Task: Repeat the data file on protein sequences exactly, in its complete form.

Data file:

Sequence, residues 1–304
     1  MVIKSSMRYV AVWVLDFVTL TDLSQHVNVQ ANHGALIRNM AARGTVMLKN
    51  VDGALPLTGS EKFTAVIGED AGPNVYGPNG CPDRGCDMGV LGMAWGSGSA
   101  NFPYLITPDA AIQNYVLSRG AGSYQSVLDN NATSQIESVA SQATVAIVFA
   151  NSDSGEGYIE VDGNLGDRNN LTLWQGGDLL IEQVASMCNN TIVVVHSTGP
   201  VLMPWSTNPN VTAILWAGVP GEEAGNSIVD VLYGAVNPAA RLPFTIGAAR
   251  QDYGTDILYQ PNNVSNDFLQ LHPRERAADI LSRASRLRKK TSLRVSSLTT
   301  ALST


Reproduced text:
Sequence, residues 1–304
     1  MVIKSSMRYV AVWVLDFVTL TDLSQHVNVQ ANHGALIRNM AARGTVMLKN
    51  VDGALPLTGS EKFTAVIGED AGPNVYGPNG CPDRGCDMGV LGMAWGSGSA
   101  NFPYLITPDA AIQNYVLSRG AGSYQSVLDN NATSQIESVA SQATVAIVFA
   151  NSDSGEGYIE VDGNLGDRNN LTLWQGGDLL IEQVASMCNN TIVVVHSTGP
   201  VLMPWSTNPN VTAILWAGVP GEEAGNSIVD VLYGAVNPAA RLPFTIGAAR
   251  QDYGTDILYQ PNNVSNDFLQ LHPRERAADI LSRASRLRKK TSLRVSSLTT
   301  ALST